Piceatannol prevents the progression of preadipocytes into fat-carrying adipocytes

Jeffrey Serrill, piceatannol, preadipocytes, adipogenesis, inhibition of obesity

The development of obesity has become an epidemic in the United States, with rates measured as high as 35% when the entire population is taken into account. The prevalence of obese individuals has roughly tripled since the 1960s, primarily as a result of poor diets and sedentary lifestyles. Thus, the identification and characterization of novel natural compounds which could prevent the progression of obesity is a top priority in many research labs and government health agencies. Recently, a study from Purdue University has suggested that the compound piceatannol may be of some benefit in this regard, and preliminary testing in culture models has revealed that this compound seems to promote the inhibition of adipogenesis. If this is indeed the case, a potential treatment for the development of obesity may not be that far off.

The term adipogenesis refers to the process through which mature fat storage cells are formed, subsequently forming “adipose tissue” which is used by the body as an energy reservoir, insulator, and hormone producer. This process is well understood, and involves several stages of cell differentiation; essentially, mesenchymal stem cells differentiate into preadipocytes (through regulation by a number of transcription factors), and then these preadipocytes, which are incapable of serving as fat reservoirs, differentiate into mature adipocytes through the actions of the PPAR-gamma nuclear receptor. Once formed, these mature adipocytes accumulate in certain regions of the body as adipose tissue. The signaling cascades which influence this development are very tightly synchronized, and dysregulation can ultimately result in an inordinate amount of fatty tissue in the body. This can result in obesity, which is an important risk factor for the subsequent onset of both cardiovascular disease and type 2 diabetes mellitus.

In the recent study, which was published in Journal of Biological Chemistry, the researchers gauged the ability of piceatannol, a compound found in red wine and grapes, to suppress the progression of adipogenesis. This compound (and the related compound resveratrol) has been previously found to have potential anti-carcinogenic and anti-inflammatory properties, though the specific nature of its possible beneficial effects on the development of obesity had not yet been established. In culture, the researchers demonstrated that, following treatment of preadipocytes with varying levels of piceatannol, the cells’ progression and differentiation into mature adipocytes was indeed disrupted, and that this inhibition seemed to occur during the early stages of normal cell cycling. Without mature adipocytes, the efficient storage of fats is not possible, a fact which makes these findings particularly relevant to the study of obesity.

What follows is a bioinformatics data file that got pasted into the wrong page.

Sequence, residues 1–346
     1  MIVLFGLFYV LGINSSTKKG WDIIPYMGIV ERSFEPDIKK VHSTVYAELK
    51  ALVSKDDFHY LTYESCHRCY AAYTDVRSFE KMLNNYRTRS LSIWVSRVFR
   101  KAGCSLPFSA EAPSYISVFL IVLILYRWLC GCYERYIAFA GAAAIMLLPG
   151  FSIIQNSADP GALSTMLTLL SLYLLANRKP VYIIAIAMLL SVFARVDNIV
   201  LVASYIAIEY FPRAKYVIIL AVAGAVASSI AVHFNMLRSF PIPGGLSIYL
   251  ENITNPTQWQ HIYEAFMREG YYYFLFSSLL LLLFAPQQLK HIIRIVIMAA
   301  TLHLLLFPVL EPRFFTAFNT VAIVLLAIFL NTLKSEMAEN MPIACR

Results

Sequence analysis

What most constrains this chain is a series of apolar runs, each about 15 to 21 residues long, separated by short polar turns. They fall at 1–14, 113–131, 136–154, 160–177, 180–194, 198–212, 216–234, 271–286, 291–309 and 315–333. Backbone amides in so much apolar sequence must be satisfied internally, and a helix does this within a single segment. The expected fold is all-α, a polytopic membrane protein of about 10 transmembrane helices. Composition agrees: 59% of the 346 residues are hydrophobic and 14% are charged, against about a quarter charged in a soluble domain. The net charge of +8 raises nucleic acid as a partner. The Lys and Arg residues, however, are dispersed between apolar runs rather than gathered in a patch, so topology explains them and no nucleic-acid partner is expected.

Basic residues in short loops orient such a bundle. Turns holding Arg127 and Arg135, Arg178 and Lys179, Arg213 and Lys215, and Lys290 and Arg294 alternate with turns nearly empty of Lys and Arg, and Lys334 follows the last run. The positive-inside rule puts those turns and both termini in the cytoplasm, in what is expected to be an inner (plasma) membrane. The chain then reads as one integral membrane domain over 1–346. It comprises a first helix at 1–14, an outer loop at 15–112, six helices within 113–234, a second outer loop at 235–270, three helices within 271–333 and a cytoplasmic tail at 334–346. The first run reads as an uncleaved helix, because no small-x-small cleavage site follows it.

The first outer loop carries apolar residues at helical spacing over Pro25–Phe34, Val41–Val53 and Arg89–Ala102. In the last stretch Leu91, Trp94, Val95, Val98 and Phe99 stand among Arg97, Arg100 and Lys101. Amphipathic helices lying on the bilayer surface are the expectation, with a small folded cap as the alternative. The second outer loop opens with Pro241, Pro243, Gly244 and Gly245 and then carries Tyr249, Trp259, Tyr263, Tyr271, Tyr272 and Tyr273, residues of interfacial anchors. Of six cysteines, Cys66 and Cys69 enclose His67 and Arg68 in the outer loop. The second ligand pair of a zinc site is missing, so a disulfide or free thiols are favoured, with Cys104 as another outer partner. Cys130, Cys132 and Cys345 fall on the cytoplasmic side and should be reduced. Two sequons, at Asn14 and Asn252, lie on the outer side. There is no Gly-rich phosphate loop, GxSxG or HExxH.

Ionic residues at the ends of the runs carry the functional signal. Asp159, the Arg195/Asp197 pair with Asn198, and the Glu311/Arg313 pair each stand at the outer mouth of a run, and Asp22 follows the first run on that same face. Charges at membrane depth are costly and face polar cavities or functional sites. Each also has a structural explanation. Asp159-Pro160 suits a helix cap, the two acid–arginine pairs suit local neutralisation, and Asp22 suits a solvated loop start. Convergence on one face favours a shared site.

Additionally, the research team investigated the ability of this compound to affect insulin signaling pathways in the context of adipogenesis, as these have also been shown to play an important role in the onset of adipocyte differentiation. As piceatannol has been previously shown to alter this pathway in aortic smooth muscle, it was thought that piceatannol may play a similar role in other cell types. As expected, it was shown that piceatannol has a significant inhibitory effect on insulin receptor activation by modulating the receptors’ ability to phosphorylate downstream signaling.

“Piceatannol actually alters the timing of gene expressions, gene functions and insulin action during adipogenesis, the process in which early stage fat cells become mature fat cells,” said Kee-Hong Kim, a professor of food science at Purdue University. “In the presence of piceatannol, you can see delay or complete inhibition of adipogenesis.”

Collectively, these results suggest that piceatannol may be a promising drug lead for the development of an anti-adipogenesis agent, though future studies will certainly need to demonstrate similar results in animal models. Nevertheless, these findings provide an exciting strategy for the prevention of adipogenesis through inhibition of the differentiation of preadipocytes into fat-sequestering tissue.

“These precursor cells, even though they have not accumulated lipids, have the potential to become fat cells,” Kim said. “We consider that adipogenesis is an important molecular target to delay or prevent fat cell accumulation and, hopefully, body fat mass gain.”

*All quotes and video taken from the Purdue University press release

For more information, see the original research article

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